I have been struck by the way the same network reporters who tripped all over themselves to suggest "Bush knew" about 9/11 in advance and could possibly have prevented the whole thing are practically mute on Congressman Curt Weldon's charge -- seconded by a U.S. military intelligence official -- that civilian law enforcement agencies felt they could not act when the military figured out that Mohommed Atta and three other men were al Qaeda operatives in the U.S.
Could the networks' unenthusiastic approach be because the lapses Weldon is talking about happened during the Clinton era?
This afternoon I put together a Media Reality Check fax report laying out the ways the TV networks approached both stories. The network piece that really struck me as most over the top was one by CBS's Michelle Miller for the April 12, 2004 Early Show, who showed off a widow who insisted her husband (in Miller's paraphrase) “might have escaped the 76th floor of the South Tower, she says, if key facts in the August 6th memo were released to the public.”
The key paragraph from that famous memo: “We have not been able to corroborate some of the more sensational threat reporting, such as that from a [censored] service in 1998 saying that Bin Ladin wanted to hijack a U.S. aircraft to gain the release of the ‘Blind Shaykh’ Umar Abd al-Rahman and other U.S.-held extremists.”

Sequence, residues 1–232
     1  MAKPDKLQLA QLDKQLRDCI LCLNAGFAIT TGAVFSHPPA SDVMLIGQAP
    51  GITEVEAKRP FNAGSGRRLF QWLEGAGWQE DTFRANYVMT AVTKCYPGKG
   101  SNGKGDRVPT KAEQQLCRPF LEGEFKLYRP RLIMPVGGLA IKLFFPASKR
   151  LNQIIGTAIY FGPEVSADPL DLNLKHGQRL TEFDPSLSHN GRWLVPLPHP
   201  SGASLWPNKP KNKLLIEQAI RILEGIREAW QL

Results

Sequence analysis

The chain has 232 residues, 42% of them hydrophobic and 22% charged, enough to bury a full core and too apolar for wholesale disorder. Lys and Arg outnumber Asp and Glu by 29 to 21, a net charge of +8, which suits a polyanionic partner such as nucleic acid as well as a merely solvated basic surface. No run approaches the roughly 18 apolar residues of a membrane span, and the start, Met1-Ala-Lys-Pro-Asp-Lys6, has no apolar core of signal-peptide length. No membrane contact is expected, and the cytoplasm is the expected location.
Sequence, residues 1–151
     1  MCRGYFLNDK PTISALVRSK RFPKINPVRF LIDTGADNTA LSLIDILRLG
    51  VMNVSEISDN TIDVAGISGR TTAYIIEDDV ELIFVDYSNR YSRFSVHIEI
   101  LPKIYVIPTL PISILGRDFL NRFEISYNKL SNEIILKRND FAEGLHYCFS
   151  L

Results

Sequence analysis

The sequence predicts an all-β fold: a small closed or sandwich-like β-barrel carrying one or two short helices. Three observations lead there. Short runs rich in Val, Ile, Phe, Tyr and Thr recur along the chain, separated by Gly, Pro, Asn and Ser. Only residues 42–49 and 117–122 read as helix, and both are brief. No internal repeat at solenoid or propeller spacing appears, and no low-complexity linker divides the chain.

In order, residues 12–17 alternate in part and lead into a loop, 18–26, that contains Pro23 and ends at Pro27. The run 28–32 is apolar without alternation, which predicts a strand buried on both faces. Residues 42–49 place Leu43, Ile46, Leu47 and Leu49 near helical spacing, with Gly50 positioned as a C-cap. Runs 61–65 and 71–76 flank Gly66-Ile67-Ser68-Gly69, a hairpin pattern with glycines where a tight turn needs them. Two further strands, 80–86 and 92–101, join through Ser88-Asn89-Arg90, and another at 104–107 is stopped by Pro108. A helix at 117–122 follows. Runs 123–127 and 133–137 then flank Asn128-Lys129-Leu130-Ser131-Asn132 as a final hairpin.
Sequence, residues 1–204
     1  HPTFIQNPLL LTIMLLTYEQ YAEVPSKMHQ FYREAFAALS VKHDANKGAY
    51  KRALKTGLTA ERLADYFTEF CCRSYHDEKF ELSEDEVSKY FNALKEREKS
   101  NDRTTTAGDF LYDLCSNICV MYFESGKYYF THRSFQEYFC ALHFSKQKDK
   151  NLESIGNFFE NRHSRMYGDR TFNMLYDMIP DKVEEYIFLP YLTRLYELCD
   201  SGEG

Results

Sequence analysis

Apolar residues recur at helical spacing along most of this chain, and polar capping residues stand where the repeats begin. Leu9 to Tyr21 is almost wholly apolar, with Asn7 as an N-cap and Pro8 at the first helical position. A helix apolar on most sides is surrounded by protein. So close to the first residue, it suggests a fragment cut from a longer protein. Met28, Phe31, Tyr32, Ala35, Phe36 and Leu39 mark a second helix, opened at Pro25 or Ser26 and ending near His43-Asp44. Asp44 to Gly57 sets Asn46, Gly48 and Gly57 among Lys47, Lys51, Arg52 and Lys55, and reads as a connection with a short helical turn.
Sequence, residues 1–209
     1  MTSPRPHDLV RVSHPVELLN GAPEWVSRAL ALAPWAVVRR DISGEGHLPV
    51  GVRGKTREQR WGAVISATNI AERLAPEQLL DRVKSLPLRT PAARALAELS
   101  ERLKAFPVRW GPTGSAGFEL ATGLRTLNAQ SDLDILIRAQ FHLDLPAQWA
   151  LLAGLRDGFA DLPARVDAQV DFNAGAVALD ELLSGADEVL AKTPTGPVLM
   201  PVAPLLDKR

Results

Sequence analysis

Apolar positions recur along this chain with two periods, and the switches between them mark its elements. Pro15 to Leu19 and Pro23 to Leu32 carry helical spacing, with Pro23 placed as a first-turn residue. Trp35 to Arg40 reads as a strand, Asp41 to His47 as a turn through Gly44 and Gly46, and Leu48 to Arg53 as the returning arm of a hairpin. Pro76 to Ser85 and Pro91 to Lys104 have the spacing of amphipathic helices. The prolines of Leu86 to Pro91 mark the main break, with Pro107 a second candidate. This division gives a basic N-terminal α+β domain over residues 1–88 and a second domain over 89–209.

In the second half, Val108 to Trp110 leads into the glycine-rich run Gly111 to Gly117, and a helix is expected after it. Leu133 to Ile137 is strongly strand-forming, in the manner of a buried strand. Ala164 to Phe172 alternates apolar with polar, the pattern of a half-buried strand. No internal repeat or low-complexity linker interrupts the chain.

In other words, Bush was told of an old, unverified ransom plot, not a devilish scheme to use planes as guided missiles.
I guess the idea is that somehow the government being aware that al Qaeda was interested in hijacking (a notion they could not corrobate, according to the memo), was a huge red flag that should have kept every office worker at home on September 11. But figuring out that Atta was a terrorist and that he was here in the U.S. with at least three others -- that seems to my ears the kind of information that, if properly acted upon, could actually have disrupted some or all of the 9/11 plot.
So where are the networks?